A Focus on the Landlord and Tenant Act 1954
This course identifies particular problem areas for surveyors dealing with lease renewals, where improved awareness and understanding can not only mean avoiding mistakes (potentially very expensive ones), but also adding value in delivering an expert service to the client. If you are involved in lease renewal negotiations, whether as surveyor, investor or occupier, you cannot afford to miss this course.
|20 April 2018||Strand Palace Hotel, London|
Note: All prices are subject to VAT at the prevailing rate
The Landlord and Tenant Act 1954 is the single most important piece of legislation affecting the commercial property market – but how much do you really understand it?
It is a highly technical piece of legislation, with many traps for the unwary, and many little-known byways.
If you are involved in lease renewal negotiations, whether as surveyor, investor or occupier, you cannot afford to miss this course.
By the end of the course you will be able to:
- Recognise where the nature of the tenant’s occupation may mean there is no right to renew
- Know how to disentangle chains of tenancies and sub-tenancies to identify the ‘competent landlord’
- Understand the difficulties and complexities of dealing with implied periodic tenancies
- Identify how to structure settlements so as to avoid difficulties arising under the 1954 Act
- Avoid becoming unintentionally bound by terms offered in negotiations, or in formal documents such as notices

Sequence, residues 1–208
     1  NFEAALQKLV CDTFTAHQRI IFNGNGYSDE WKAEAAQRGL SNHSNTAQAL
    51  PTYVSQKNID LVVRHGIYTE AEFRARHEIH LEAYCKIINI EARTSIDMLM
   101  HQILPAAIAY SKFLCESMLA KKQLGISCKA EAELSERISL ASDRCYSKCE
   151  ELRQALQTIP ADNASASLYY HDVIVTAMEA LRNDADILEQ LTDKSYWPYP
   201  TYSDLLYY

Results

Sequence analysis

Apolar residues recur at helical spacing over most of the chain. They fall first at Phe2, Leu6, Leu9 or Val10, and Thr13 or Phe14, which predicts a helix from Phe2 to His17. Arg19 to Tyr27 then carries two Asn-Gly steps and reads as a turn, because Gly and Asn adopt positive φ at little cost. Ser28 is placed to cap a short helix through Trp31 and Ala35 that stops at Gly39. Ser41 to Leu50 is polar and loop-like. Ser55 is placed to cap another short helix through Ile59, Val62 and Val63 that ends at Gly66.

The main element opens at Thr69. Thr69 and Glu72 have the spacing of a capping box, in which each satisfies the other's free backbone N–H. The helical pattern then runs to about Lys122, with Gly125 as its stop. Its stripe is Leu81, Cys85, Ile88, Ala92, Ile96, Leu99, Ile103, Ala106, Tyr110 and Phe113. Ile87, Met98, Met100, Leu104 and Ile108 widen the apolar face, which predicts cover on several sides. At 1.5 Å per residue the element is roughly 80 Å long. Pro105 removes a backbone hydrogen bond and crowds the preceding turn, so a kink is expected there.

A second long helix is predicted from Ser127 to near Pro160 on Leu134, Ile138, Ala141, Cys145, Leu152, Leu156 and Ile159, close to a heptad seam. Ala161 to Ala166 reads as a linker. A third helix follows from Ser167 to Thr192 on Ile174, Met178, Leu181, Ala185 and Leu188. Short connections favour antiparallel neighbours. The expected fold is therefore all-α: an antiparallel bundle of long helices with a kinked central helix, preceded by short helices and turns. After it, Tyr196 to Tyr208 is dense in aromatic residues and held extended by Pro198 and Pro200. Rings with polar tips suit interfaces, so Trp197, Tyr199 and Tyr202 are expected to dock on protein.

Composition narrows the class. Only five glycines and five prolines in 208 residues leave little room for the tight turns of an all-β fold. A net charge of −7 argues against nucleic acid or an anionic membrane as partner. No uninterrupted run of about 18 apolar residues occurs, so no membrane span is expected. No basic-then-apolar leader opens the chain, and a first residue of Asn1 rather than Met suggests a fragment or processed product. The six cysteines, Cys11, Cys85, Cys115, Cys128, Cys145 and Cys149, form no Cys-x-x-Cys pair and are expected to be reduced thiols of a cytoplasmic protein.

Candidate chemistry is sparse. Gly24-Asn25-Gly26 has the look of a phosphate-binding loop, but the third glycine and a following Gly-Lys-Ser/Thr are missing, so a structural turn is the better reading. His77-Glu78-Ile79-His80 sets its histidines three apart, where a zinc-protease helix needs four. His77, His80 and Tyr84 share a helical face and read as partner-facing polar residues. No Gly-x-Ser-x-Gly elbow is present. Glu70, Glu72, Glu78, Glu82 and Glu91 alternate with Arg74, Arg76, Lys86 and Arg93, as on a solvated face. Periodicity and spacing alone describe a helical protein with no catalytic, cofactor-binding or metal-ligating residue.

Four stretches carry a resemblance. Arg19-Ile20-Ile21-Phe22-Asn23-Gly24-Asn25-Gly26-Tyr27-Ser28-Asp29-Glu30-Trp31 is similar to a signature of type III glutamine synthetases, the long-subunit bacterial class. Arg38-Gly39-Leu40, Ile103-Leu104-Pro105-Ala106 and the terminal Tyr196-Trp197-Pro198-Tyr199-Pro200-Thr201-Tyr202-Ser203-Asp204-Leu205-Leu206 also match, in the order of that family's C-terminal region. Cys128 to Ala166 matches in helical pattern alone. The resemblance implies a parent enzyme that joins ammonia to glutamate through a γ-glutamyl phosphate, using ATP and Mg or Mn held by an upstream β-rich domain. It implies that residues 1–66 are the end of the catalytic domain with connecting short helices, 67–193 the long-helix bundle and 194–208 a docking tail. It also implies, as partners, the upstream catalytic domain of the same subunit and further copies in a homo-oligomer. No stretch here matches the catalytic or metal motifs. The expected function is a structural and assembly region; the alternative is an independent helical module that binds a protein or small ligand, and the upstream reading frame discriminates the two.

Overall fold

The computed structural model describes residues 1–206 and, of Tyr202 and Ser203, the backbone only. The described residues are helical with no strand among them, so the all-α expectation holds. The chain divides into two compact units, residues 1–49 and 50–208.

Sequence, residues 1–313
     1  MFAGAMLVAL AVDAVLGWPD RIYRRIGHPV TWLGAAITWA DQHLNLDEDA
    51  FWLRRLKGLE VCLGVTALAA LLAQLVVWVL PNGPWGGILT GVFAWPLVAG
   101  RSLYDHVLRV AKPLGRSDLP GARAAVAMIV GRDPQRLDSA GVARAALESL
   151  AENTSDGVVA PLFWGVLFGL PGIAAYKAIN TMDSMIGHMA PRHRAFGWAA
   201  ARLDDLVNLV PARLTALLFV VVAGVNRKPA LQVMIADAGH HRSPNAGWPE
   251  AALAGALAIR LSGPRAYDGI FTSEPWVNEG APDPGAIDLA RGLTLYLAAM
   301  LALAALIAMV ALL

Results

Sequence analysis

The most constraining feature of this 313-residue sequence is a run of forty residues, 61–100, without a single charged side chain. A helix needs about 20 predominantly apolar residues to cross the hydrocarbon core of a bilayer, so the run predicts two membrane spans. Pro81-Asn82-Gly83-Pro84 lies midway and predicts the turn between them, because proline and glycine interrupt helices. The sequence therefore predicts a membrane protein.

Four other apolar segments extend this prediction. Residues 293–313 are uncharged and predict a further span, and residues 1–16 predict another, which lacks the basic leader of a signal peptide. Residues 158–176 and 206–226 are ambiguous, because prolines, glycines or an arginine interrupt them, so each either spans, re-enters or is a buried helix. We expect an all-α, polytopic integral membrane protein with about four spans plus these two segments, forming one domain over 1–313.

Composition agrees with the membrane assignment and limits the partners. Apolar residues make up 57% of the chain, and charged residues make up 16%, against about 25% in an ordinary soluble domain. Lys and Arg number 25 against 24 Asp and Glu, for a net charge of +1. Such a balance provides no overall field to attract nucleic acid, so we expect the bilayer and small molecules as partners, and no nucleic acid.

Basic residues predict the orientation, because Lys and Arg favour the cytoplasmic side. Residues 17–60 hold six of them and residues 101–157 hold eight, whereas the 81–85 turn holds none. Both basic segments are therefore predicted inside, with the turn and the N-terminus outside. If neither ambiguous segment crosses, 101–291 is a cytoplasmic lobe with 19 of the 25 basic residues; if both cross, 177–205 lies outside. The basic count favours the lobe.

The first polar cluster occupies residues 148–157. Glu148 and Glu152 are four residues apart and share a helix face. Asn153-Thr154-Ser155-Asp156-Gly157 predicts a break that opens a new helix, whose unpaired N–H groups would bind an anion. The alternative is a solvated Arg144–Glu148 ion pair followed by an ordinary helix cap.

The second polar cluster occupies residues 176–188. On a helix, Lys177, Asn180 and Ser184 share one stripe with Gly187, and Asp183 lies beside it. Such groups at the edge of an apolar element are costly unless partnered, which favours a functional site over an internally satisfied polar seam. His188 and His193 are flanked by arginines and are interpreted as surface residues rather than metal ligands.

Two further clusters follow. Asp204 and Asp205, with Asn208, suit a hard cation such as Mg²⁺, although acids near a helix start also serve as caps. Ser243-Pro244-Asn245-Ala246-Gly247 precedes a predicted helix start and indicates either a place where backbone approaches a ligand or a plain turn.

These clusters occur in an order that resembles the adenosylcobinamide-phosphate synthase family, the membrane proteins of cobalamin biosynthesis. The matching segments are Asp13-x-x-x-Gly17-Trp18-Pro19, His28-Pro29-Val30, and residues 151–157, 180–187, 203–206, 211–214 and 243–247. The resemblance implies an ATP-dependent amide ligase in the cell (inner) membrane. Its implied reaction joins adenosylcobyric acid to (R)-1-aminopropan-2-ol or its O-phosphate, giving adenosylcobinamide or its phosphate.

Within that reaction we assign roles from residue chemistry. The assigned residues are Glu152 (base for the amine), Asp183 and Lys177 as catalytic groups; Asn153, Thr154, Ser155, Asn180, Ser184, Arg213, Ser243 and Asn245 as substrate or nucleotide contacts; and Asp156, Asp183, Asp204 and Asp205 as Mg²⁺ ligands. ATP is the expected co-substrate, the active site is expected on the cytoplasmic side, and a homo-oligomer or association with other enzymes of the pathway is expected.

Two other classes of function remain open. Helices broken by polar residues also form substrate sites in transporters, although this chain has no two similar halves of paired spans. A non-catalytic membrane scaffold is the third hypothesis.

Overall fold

- Understand the options available to the tenant who needs to avoid committing, while retaining the ability to terminate their rental commitment at the earliest date
- Recognise and avoid key problems in opposing the renewal of leases.
- Mark Shelton, Commercial Property Management Law Trainer, CPM Law Training Limited and Author of The Lease Guide Website, 'A Practical Guide to the Law of Dilapidations' and 'A Practical Guide to Applications for Landlords' Consent and Variation of Leases'
Problems with business occupation
- Tenants whose business is sub-letting – can they be in occupation?
- Shop-and-flat leases – which scheme of security applies and can it change?
- Franchise arrangements – who is in occupation?
- Breaks in occupation and the ‘thread of continuity’
Landlords: immediate, superior, and ‘competent’
- Which landlord is the relevant one for the renewal process?
- Correct practice in serving notices up or down the chain
- Obtaining reliable information
- Can a s.25 notice ever be withdrawn?
Regularising implied periodic tenancies
- Why periodic tenancies are special
- Calculating length of notice and getting the notices right
- Must a periodic tenant have been in occupation for 12 months to have security of tenure?
- Can a periodic tenancy be contracted out?
Pitfalls in agreeing renewal terms
- The s.28 trap – beware the unintended contracting-out
- Can you be held to terms offered in negotiations?
- What about terms stated in notices or court documents?
- Issues to be aware of in reaching settlements
How tenants can keep their options open
- Mastering the notices framework
- Termination by going out of occupation – pros and cons
- Ending the tenancy once proceedings have been issued
- Is it any different if the landlord issued the court application?
Key issues in opposed lease renewals
- What discretion does the court have where the tenant is in breach?
- The misrepresentation trap
- How much is it possible to control the amount of statutory compensation?
- Tactics and timing